It's never too late to learn! Here is YBW's pick of five sailors who took to the high seas with little or no relevant experience for the voyage ahead
With no sailing experience, Chay Blyth decided to compete in the 1968-69 Sunday Time’s Golden Globe Race.
The 27-year-old only made it just past the Cape of Good Hope on board his 30-foot yacht, Dytiscus III before retiring.
In storm force 10-11, the fibreglass twin-keeled yacht broached (Blyth admitted he had no idea what broaching was until he read one of Sir Francis Chichester’s books later), repeatedly breaking the self-steering gear.
The yacht was also knocked down three times before Blyth decided to retire.
Blyth wasn’t completely without experience on the high seas.
In 1966 whilst in the Army, he teamed up with fellow paratrooper Captain John Ridgway to row across the North Atlantic in English Rose II.
They completed the voyage in the 20-foot open dory in 92 days.
Interestingly, Ridgeway also entered the Sunday Times Golden Globe Race on board his 30-foot twin-keeled fibreglass, English Rose IV.
He was the first to start but retired six weeks later due to a bulging deck which threatened the integrity of the yacht’s mast.
Ridgeway wrote about both adventures in Journey to Ardmore.
Blyth’s Golden Globe experience failed to put him off sailing.
Just a few years later in 1971, Blyth became the first person to sail non-stop westward around the world on board the 59-foot British Steel.
He went on to compete in the 1973 and 1981 Whitbread Round the World Yacht Race, won the Two Handed Trans Atlantic Race with co-skipper Rob James in record time in 1981, and came first in class in the 1982 The Round Britain and Ireland Race.
Blyth was also behind The British Steel Challenge and BT Global Challenge.
His Golden Globe exploits are charted in Innocent Aboard, the book Blyth co-wrote with his wife, Maureen.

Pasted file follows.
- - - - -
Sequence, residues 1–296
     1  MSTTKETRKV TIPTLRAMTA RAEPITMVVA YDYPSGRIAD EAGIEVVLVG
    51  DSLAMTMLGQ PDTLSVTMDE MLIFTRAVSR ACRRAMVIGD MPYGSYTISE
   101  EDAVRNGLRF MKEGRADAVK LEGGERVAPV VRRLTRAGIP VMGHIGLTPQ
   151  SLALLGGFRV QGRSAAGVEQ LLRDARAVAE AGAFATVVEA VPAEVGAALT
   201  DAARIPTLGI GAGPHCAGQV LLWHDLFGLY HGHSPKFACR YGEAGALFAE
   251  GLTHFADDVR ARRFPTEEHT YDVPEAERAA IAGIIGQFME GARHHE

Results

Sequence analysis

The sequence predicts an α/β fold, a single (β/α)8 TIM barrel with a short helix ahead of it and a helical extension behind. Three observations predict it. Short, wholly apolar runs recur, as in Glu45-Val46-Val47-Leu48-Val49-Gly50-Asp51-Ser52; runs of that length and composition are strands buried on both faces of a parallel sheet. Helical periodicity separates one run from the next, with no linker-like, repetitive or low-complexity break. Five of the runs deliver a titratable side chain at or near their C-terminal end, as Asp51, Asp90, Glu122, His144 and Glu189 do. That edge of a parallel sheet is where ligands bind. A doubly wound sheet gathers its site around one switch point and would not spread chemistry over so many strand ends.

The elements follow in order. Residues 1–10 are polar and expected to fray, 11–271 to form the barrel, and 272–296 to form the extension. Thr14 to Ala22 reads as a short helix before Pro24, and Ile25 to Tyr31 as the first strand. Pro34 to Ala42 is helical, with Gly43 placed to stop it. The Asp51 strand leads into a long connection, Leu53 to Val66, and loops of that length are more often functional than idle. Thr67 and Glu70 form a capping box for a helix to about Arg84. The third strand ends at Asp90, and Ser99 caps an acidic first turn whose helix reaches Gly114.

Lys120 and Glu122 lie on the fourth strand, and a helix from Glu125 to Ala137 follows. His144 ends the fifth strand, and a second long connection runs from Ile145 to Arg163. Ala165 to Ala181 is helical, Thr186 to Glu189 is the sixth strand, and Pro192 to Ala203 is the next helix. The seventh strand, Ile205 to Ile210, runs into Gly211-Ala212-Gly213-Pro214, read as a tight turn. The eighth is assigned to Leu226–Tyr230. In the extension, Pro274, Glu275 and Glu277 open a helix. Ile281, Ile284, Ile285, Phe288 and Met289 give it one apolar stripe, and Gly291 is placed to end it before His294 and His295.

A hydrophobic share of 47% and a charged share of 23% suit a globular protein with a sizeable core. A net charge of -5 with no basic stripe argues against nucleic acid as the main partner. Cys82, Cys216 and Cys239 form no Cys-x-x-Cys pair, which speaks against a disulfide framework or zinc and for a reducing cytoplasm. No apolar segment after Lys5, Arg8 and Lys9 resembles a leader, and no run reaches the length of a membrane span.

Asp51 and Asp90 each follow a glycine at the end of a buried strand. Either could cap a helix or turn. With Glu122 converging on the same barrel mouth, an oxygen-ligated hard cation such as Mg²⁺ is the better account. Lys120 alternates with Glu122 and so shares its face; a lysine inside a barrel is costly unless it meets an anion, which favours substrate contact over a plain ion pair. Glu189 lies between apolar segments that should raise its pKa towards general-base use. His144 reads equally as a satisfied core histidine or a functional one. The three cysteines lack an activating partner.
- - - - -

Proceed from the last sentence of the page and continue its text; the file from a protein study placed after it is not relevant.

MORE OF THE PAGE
It was while waiting for her future husband, Rob James to return from the Atlantic Triangle Race that Naomi James decided she would sail single-handed around the world.
At the time, she had just a few months of sailing experience, having helped run charters with James on board Chay Blyth’s British Steel in France. Interestingly the New Zealand born former hairdresser only learnt to swim age 23!
After finding sponsorship, and with the loan of Blyth’s yacht, Spirit of Cutty Sark (renamed Express Crusader), James embarked on her round the world voyage on 9 September 1977.
This was despite the fact that she had never handled a boat by herself before.
James made history 272 days later by becoming the first woman to sail single-handed around the world via Cape Horn – and in the fastest time ever.
James later admitted that her sailing skills were far from perfect but she held her nerve, despite a knockdown in a storm.
For her record breaking feat, she was made a Dame of the British Empire in January 1979.
She also wrote about the voyage in At One with the Sea: Alone Around the World.
In 1980, despite still being uncertain about her navigational skills, she entered the OSTAR on Kriter Lady, competing against her husband.
She was the only woman to finish and broke the course record for women by more than three days.
Dame Naomi and her husband went on to win the 1982 Around Britain Race on board their catamaran, Colt Cars. She hasn’t sailed since.
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American copy editor Robert Manry had mainly sailed the family sailing boat, Tinkerbelle, in the Great Lakes.
But that didn’t put him off from taking the 13.5-foot heavily modified Old Town across the Atlantic Ocean, non-stop, between June-August 1965.
At the time, Tinkerbelle was the shortest boat to make the trip.
Manry, who was a copy editor by profession, had previously sailed on rivers and lakes.
He had talked about a Trans-Atlantic trip on a friend’s yacht during the summer of 1964 before setting out on Tink, as the boat was affectionately known.